When the administration initiated its extra-statutory "Deferred Action for Childhood Arrivals", which includes anyone who arrived prior to the age of 18, and many of whom are now well into their 30s, it also began a regimen of issuing employment authorization documents (EADs) as well as documents to establish that the recipients are — at least for the duration of the program — lawfully present in the United States. Each EAD's period of authorization was designed to mirror the program benefits: three years at a time, renewable thereafter.
To accompany these EADs, the immigration benefits-granting agency, U.S. Citizenship and Immigration Services (USCIS) also issued guidance to employers as to how they should go about complying with the employer verification laws and preparing I-9 forms for individuals presenting themselves for jobs using the documents.
The administration's plans were thrown into chaos when a federal judge in Texas issued an injunction against the expansion of DACA, and other proposed benefits programs that would have given an additional five million-plus illegal aliens similar status and work authority. (Regrettably, the judge left the administration's dismantling of the law enforcement functions, exercised through the abuse of "prosecutorial discretion" guidance, untouched.)
Things got worse for the agency when the federal Fifth Circuit Court of Appeals left the injunction in place.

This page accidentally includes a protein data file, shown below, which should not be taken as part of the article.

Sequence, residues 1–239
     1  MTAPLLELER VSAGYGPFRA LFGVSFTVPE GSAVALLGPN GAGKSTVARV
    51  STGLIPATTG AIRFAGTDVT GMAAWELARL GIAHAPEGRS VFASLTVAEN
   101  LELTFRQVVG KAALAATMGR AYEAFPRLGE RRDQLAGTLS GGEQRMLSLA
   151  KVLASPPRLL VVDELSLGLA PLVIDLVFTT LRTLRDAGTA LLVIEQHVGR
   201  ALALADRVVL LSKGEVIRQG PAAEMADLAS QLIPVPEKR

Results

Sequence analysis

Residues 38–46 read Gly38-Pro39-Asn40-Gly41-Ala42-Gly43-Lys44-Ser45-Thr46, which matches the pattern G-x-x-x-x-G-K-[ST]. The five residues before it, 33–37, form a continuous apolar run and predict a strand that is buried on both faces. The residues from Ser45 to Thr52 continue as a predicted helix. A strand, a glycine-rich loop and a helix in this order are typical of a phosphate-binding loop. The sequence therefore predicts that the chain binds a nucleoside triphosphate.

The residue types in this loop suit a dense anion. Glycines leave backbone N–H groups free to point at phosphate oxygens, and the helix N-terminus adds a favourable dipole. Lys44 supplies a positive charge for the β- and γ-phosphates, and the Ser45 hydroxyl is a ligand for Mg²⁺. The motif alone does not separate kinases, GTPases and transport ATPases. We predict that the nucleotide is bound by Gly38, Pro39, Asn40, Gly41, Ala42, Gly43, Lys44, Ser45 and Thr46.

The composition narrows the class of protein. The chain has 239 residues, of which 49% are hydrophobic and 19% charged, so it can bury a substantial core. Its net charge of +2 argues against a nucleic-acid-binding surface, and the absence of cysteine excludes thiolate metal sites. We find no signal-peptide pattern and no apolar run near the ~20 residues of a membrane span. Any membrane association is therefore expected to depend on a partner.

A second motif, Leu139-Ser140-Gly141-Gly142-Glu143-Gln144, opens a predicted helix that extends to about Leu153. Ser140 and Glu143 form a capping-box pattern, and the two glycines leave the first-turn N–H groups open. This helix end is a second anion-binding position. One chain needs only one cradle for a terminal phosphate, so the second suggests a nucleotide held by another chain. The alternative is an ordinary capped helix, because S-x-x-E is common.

They got even dicier when the judge who issued the injunction discovered he had been misled when told that no renewals of DACA status or EADs had been issued subsequent to his order — in fact thousands had gone out in the mail. He then scheduled a hearing to show cause why he should not hold senior governmental officials at USCIS, at its parent Department of Homeland Security, and at its sibling agencies Customs and Border Protection and Immigration and Customs Enforcement, in contempt of court.
It was only then that USCIS got off its haunches and actually began taking steps to nullify and retrieve the post-injunction documents it had issued.
The website Law360, a daily compendium of items of interest to the private immigration bar, is now reporting that USCIS has announced it will shortly be updating its guidance to employers of those aliens whose DACA extensions have been revoked.
It will be most interesting to watch that development, and to see whether USCIS will require employers to hew to the letter of the law, which is pretty clear — no lawful status and no EADs equals no work authority — or whether the administration will still try to find ways around the clear purpose of the court injunction: to halt these executive action programs of a lawless administration, programs that have no place under either the Constitution or the statutes of the United States.
I'm not a betting man, but if I were, I'd put my money on the strong possibility of more fireworks. Perpetually and arrogantly believing in the manifest "rightness" of all they say and do, no matter how absurd, the leaders of this administration just don't seem to comprehend that in our tripartite system of government, the judicial branch can, and has begun to, undo their programs-by-fiat.